Deriving x(t) into A sin (\omega*t + \varphi)

In summary, x(t) is equal to e^{-\zeta\omega t}\left[(a_1+a_2)\cos\left(\omega\sqrt{1-\zeta^2}t\right)+a_1-a_2\sin\left(\omega\sqrt{1-\zeta^2}t\right)\right].
  • #1
krnhseya
103
0

Homework Statement



Derive...

x(t)=(exp^(-[tex]\zeta[/tex][tex]\omega[/tex]t))*(a1(exp^(i[tex]\omega[/tex]sqrt(1-[tex]\zeta^2[/tex])*t)))+a2(exp^(-i[tex]\omega[/tex]sqrt(1-[tex]\zeta^2[/tex])*t))))

into

x(t)=(exp^(-[tex]\zeta[/tex][tex]\omega[/tex]t))*(A sin ([tex]\omega[/tex]*t + [tex]\varphi[/tex]))

Homework Equations



n/a

The Attempt at a Solution



I've managed to get x(t) = (exp^(-[tex]\zeta[/tex][tex]\omega[/tex]t))*((a1(cos[tex]\omega[/tex]*t) + i sin ([tex]\omega[/tex]*t))+(a2(cos[tex]\omega[/tex]*t) - i sin ([tex]\omega[/tex]*t))) then when i simplify things...sin terms cancel out and i end up geting...

exponential term * (a1+a2) * (2cos [tex]\omega[/tex]*t)
 
Physics news on Phys.org
  • #2
Hi,

Is the [itex]\zeta[/itex] a constant here?

krnhseya said:
I've managed to get x(t) = (exp^(-[tex]\zeta[/tex][tex]\omega[/tex]t))*((a1(cos[tex]\omega[/tex]*t) + i sin ([tex]\omega[/tex]*t))+(a2(cos[tex]\omega[/tex]*t) - i sin ([tex]\omega[/tex]*t))) then when i simplify things...sin terms cancel out and i end up geting...

exponential term * (a1+a2) * (2cos [tex]\omega[/tex]*t)

No, the sine terms do not cancel out. You have the following.

[tex]x(t)=e^{-\zeta\omega t}\left[(a_1+a_2)\cos\left(\omega\sqrt{1-\zeta^2}t\right)+(a_1-a_2)\sin\left(\omega\sqrt{1-\zeta^2}t\right)\right][/tex].

The only way the sine term will vanish is if [itex]a_1=a_2[/itex], and you did not say that that is the case in your problem statement.
 
  • #3
Tom Mattson said:
Hi,

Is the [itex]\zeta[/itex] a constant here?



No, the sine terms do not cancel out. You have the following.

[tex]x(t)=e^{-\zeta\omega t}\left[(a_1+a_2)\cos\left(\omega\sqrt{1-\zeta^2}t\right)+(a_1-a_2)\sin\left(\omega\sqrt{1-\zeta^2}t\right)\right][/tex].

The only way the sine term will vanish is if [itex]a_1=a_2[/itex], and you did not say that that is the case in your problem statement.

Hello. It is a constant.
Yeah, I figured out that I made a mistake.

that's as far as i can go but i need to combine that into sin like I've posted above.

thanks for the reply!

And, there should be a bracket infront of "sqrt" so exponential part it outside the whole thing.

[edit] I think I got it...Thank you very much! :)
 
Last edited:

Related to Deriving x(t) into A sin (\omega*t + \varphi)

1. What is the equation for deriving x(t) into A sin (\omega*t + \varphi)?

The equation is x(t) = A sin (\omega*t + \varphi), where A represents the amplitude, \omega represents the angular frequency, t represents time, and \varphi represents the phase shift.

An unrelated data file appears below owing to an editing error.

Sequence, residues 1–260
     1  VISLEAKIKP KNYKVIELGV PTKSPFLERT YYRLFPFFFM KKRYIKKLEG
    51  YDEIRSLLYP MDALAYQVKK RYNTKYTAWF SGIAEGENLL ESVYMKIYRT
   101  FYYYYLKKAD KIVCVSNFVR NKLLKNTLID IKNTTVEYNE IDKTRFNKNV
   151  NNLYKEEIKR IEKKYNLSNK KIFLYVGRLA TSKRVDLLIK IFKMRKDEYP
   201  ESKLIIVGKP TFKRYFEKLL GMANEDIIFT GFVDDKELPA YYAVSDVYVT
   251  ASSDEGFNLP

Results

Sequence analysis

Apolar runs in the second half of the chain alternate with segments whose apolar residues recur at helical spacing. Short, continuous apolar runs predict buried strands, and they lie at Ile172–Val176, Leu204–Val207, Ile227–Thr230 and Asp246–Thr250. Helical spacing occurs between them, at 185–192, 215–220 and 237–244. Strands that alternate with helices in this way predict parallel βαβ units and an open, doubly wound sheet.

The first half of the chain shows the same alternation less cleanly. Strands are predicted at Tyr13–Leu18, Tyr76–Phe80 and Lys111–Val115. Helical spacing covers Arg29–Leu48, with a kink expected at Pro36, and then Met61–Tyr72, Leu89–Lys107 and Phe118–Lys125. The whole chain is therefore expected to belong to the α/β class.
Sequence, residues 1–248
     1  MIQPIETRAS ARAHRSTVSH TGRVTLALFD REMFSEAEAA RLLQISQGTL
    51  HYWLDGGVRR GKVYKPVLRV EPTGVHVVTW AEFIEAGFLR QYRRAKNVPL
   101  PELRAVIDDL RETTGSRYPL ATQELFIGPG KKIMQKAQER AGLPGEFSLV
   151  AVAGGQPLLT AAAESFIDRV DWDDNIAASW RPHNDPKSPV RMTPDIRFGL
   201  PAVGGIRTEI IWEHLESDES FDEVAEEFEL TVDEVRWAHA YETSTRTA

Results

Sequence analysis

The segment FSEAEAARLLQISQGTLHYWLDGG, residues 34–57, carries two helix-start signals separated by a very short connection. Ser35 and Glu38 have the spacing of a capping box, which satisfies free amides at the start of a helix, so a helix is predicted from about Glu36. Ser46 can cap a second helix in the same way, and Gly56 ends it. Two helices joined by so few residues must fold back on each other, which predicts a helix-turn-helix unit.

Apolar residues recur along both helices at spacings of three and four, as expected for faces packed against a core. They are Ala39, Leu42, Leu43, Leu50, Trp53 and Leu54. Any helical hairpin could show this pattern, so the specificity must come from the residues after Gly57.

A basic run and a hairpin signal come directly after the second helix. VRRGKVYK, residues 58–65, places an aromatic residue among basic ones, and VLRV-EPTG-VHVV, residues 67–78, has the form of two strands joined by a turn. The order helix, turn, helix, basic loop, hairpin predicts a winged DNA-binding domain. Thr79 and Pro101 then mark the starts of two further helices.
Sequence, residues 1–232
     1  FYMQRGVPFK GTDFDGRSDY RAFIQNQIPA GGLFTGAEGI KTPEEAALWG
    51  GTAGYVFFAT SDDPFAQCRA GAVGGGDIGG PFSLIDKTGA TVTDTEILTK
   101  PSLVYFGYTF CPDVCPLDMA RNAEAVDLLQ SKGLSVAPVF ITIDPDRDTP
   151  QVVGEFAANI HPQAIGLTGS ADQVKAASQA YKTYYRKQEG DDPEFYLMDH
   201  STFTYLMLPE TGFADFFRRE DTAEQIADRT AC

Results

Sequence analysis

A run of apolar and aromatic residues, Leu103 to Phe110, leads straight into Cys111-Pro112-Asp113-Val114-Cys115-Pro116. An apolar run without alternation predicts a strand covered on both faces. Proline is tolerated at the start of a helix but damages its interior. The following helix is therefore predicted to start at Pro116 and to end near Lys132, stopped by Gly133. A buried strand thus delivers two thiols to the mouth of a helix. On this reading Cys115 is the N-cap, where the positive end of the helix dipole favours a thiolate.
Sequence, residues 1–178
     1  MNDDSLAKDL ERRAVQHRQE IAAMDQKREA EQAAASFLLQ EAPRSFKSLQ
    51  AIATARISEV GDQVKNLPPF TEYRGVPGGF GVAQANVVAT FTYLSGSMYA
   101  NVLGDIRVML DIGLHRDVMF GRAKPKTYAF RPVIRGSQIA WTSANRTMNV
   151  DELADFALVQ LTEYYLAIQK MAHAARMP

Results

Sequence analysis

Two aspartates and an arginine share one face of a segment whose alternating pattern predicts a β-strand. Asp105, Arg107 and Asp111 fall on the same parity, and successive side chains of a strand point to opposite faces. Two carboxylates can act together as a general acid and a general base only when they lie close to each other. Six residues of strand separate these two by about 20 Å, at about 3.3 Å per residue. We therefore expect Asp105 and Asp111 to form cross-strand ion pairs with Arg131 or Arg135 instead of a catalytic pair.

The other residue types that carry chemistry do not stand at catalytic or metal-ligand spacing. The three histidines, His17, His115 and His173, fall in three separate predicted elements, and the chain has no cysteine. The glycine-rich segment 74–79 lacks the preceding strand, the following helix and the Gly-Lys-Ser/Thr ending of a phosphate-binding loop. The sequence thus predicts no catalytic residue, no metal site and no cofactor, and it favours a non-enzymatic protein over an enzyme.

2. How do you determine the amplitude, angular frequency, and phase shift in the equation?

The amplitude, A, is the maximum displacement of the wave from its equilibrium position. The angular frequency, \omega, is the rate at which the wave oscillates, and is equal to 2π divided by the period of the wave. The phase shift, \varphi, is the horizontal translation of the wave from its original position. These values can be determined by analyzing the given function or by using data from a graph of the function.

3. What is the physical significance of the amplitude in this equation?

The amplitude represents the maximum displacement of the wave, which can be related to the intensity or strength of the wave. In the context of physics, it can also represent the maximum amount of energy carried by the wave.

4. How does the angular frequency affect the behavior of the wave?

The angular frequency determines the rate at which the wave oscillates. A higher value of \omega means that the wave will oscillate more quickly, while a lower value will result in a slower oscillation. This parameter is closely related to the period and frequency of the wave.

5. Can the phase shift affect the shape of the wave?

Yes, the phase shift determines the horizontal translation of the wave. This means that it can shift the entire wave to the left or right, which can change its shape. For example, a positive phase shift will shift the wave to the left, while a negative phase shift will shift it to the right. However, the amplitude and angular frequency will remain the same.

Similar threads

  • Calculus and Beyond Homework Help
Replies
5
Views
597
  • Calculus and Beyond Homework Help
Replies
6
Views
317
Replies
2
Views
1K
  • Calculus and Beyond Homework Help
Replies
2
Views
963
  • Calculus and Beyond Homework Help
Replies
8
Views
340
  • Calculus and Beyond Homework Help
Replies
1
Views
391
  • Advanced Physics Homework Help
Replies
6
Views
976
  • Calculus and Beyond Homework Help
Replies
9
Views
1K
  • Calculus and Beyond Homework Help
Replies
3
Views
612
  • Introductory Physics Homework Help
Replies
10
Views
321
Back
Top